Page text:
If I Slip Away

If I Slip Away

 

The most interesting thing I’ve heard when revealing my neurological condition is, “I would never know you have Tourette Syndrome.”

I know this is because I don’t fit the image coming to people’s minds when TS is mentioned. Let me guess what your mind conjured: swearing and twitching.

I don’t swear. Okay, contextually at times, I admit. But I don’t have coprolalia. Go ahead…look it up…I will wait.

Welcome back.

Although coprolalia is the most well known symptom of Tourette Syndrome, it’s rare even in us “Touretters”, “Touretteskis”, “Tourette-infested” or “Gifted with TS” people.

How would you know, then, that I have Tourette Syndrome? Chances are, you wouldn’t. Unless I told you. And I do that now. I tell. 

You may catch me sniffing and ask if I have a cold. You may see me clenching my jaw and think I must be stressed. When I kick off my right shoe and stretch my toes until my big toe pops just right you may assume I have a cramp. I am flexing my hand just to get the kinks out. After all, I spend most of my day on a keyboard. If I really let my guard down, you will catch my oldest tic, the one that has been with me since childhood, the one that starts the whole cycle: that infernal spot where nose and lip meet but underneath, near my gums, and the irrepressible urge to “get it”…move it just right…involving the flaring of nostrils and blowing air with my lips closed like a balloon and then using my hand to flatten my nose.

Most of the time, though, you wouldn’t notice. I will give you that. Because, like most Touretters, I can let it build up. I can hold it in. I can save up all the tension building in my body and let it go in an explosion of coordinated movement practiced over many years.

And you wouldn’t notice the checking. You wouldn’t notice the disconnect between the clear picture I had just a moment ago of that stove off, that iron unplugged, that part of my body I was afraid was an indication of a dreadful disease but on further inspection is just a normal part of my body, and the picture that is tormenting me right now of ovens and irons setting fire to my house and my body succumbing to frightful illness.

 

You may notice a blank stare when you ask me a question. It’s not that I wasn’t paying attention, its just that…ok, I wasn’t paying attention. But not because I didn’t want to. I just couldn’t at that exact moment. You may notice that I touch my left hand to the counter on which my right was just resting or that I don’t wear a watch because no amount of jewellery on the opposite wrist equals the weight. You may notice that I can’t find my keys, or my glasses, or carry on a coherent conversation with you while I’m driving unless you want me to run a red light.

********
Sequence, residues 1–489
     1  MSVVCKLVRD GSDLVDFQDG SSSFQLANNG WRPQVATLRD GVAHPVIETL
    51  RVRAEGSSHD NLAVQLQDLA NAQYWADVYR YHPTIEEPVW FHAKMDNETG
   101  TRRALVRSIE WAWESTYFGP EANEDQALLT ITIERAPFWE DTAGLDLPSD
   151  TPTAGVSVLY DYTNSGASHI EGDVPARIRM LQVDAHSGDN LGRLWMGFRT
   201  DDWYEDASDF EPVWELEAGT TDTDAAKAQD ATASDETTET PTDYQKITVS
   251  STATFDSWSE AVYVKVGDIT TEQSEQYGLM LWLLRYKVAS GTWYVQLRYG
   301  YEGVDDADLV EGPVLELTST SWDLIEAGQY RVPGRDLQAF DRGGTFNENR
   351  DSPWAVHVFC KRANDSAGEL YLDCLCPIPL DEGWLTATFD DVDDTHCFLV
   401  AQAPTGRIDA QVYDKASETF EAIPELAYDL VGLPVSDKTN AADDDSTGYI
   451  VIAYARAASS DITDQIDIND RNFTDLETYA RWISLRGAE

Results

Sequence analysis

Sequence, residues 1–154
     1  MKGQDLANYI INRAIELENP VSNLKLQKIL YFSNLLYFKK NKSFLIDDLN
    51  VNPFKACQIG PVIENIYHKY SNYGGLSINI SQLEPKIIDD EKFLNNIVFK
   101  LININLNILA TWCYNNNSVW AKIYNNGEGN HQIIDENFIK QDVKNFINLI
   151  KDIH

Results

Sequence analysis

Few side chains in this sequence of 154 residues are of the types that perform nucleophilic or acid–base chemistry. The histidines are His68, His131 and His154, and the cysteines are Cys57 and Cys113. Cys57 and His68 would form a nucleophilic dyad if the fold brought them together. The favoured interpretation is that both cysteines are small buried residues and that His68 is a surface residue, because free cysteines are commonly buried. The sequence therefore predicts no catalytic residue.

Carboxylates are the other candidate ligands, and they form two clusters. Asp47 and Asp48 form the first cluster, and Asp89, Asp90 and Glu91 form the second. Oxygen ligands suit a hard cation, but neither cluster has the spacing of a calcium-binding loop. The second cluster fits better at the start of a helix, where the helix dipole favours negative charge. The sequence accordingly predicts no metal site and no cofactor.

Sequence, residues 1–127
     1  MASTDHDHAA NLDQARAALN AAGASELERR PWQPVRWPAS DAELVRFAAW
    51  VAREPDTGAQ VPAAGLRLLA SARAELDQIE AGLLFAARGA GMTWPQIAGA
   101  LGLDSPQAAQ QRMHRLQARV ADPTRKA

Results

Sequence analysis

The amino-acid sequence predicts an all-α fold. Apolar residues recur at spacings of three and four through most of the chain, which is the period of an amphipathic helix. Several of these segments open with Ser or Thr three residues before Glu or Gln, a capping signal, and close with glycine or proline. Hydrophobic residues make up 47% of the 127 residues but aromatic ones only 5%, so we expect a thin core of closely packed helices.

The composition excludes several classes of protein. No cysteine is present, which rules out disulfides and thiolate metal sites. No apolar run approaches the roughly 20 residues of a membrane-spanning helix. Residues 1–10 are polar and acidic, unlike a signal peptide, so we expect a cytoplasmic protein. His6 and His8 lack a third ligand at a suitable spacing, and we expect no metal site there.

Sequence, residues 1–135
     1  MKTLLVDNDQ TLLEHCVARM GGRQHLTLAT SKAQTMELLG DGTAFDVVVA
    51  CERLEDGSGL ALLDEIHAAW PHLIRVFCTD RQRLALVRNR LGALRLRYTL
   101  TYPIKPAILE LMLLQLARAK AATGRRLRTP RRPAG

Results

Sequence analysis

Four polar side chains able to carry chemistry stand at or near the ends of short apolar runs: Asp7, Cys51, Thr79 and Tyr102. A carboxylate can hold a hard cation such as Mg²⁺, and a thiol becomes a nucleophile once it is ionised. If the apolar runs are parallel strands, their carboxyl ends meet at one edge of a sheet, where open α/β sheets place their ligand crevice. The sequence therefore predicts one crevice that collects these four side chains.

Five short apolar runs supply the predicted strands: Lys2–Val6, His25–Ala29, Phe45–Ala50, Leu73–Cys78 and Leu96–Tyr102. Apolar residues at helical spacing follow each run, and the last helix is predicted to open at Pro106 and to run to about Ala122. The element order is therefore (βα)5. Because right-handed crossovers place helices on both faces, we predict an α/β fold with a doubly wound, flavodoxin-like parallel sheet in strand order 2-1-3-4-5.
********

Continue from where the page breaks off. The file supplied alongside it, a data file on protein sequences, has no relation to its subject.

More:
You may notice I slip away. At your party I may find a quiet place to stop the buzzing for just a minute. Bathrooms on second floors are the best and I will sit on the closed toilet seat and press my fingertips to my forehead and calm my prefrontal cortex that is lighting up from the overstimulation.

Because I am hyper-aware and don’t filter. The music cranks up and so does my hearing and the lights are brighter no matter if they are dimmed and the food I ate is sitting in my gut, not knowing what to do next and what the hell is poking me? Is that a tag? When did it get so hot in here and who is talking to me now? Now I’m shouting so I hear my voice within my own face and my ears have cranked up further. If you could open the door to my brain and walk around inside, you would be running down twisted corridors, taking in electricity, watching colours and shapes distort, feel the tension build in my entire body like an elastic band about to snap. Stay for a while and you will witness a tic-fest.

But you can’t access the corridors, so you will simply notice I slip away, then slip back.

I credit Tourette, at least in part, to my creativity. Heightened brain activity can be a gift.

And I credit Tourette for my compassion. The moments I feel incredibly alone have given me spaces in my heart for the bruised and the broken. When Tourette Syndrome is ugly, it is hideous. It is anxiety and panic and a dizzying void. When it is quiet, I don’t forget. And in not forgetting, I reach out.

So no, you may not notice I have Tourette Syndrome. That’s okay. If it weren’t for the few visible tics, I don’t know what doctors would have named it in me. OCD, maybe. Generalized anxiety disorder, perhaps. Depression, Panic Disorder, ADD. Unspecified mental / physiological / neurological condition.

But there are tics, and there is a family history (WOW, is there ever a family history! Mom, have we been asked to be guinea pigs, by any chance, for Tourette studies?). Maybe one day I will write a piece about the oddities in the odd aunts and uncles in this odd family of mine. So therefore, its name is Tourette Syndrome. And it resides in me. And I will tell you. Just in case I give you a blank stare or slip away at your party.

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4 Replies to “If I Slip Away”

  1. Wow Lori! You are a very complicated or should I say complex person. The part I particularly like is the room for compassion you have. I have experienced it personally. You are a wonderful person and we love you! ❤️

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